You might go to a parish where the priest gives very concise homilies and tries to make his point in just a few minutes. Or, you might have a pastor who gives in-depth teaching that takes much longer. Is there any rule of thumb when it comes to the length of homilies? Does anything go?
There isn’t a set time, said Msgr. Stuart Swetland. He explained that expectations vary in different cultures, giving the example of some priests he worked with from Africa. “They would tell me that where they were from in Tanzania, because people traveled so far to get to Mass and because that was so central as the most important thing of the week for all the people who attended (like it should be for all of us), that they were expected to preach for a very long time—often for an hour with substantial teaching. And if they did anything less than that, the people would be upset like they were shortchanged because many of them had walked for hours to get to the Mass. … Now if I did that here in the United States, in most settings they’d run me out on a rail.”
Of course, things are different in the United States. Our parish masses are usually scheduled closely together and don’t allow for a homily to go on for an hour.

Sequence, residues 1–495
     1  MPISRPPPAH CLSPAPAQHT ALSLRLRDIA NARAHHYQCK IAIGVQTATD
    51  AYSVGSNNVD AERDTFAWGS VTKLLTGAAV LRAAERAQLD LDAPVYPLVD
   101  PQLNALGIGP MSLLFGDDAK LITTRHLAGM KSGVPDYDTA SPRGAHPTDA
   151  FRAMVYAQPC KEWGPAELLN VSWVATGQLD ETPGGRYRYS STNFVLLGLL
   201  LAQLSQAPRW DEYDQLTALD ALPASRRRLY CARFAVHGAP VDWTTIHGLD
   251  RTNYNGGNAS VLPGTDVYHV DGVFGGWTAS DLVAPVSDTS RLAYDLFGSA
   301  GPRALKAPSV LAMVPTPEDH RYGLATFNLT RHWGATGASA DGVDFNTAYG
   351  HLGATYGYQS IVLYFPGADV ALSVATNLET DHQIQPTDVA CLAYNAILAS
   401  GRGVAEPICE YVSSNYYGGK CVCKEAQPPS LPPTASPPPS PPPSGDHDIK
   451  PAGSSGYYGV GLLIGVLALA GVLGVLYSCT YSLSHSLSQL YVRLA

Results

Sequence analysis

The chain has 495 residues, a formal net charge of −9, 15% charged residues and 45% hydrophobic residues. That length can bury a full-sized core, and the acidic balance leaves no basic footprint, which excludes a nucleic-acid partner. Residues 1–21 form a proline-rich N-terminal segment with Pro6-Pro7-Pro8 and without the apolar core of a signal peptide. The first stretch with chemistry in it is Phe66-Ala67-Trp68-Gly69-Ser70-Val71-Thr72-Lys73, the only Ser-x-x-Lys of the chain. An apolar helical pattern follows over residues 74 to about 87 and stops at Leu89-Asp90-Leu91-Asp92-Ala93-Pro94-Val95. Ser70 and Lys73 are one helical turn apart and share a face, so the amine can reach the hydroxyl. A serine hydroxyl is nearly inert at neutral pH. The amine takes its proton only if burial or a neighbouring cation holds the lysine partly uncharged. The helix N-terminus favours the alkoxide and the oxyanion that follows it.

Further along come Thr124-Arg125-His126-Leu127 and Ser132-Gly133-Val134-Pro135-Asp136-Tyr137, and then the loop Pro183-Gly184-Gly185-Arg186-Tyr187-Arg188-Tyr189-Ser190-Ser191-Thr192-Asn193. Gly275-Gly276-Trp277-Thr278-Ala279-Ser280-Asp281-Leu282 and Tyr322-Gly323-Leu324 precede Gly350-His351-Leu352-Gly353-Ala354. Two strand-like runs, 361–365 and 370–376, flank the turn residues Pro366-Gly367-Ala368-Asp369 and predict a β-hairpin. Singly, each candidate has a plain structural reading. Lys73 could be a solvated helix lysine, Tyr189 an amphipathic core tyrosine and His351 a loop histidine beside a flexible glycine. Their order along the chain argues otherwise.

“In the United States, people usually say that Sunday Mass homilies should be basically the time between commercial breaks in a television series, so that’s twelve minutes at the most. Now I’ll be honest—I preach longer than that, usually. … I like to make three major points in my homilies so my homilies on Sunday usually go about fifteen to twenty. But I always try to get Mass done within an hour.” Msgr. Swetland says that for daily Mass, he tries to respect the sacrifice of time people are making to be there and keep his homily at 3-5 minutes.
Even the Holy Father has spoken to priests about the length of their homilies. “Pope Francis has recommended to priests that we cut the length of the homily down. He actually recommends that we shoot more like for seven minutes. And he’s very good at that, if you’ve noticed, his preaching style is such that he can do a lot in a little bit of time,” said Msgr. Swetland.
If you’re struggling at your parish with homilies that go far beyond the accepted norm in our country, Msgr. suggests giving some kind feedback. “We do have parish councils and we do have liturgy committees in most places, for a reason. And that’s where these kind of things, to some extent, can be negotiated if it doesn’t seem to be working for the community.”
“Canon Law says laity not only have the right to give feedback to their pastors, sometimes they have the duty to do so,” says Msgr. Swetland. “And if it’s not working for the community, in a loving way and in a pastoral way, father needs to hear that.”
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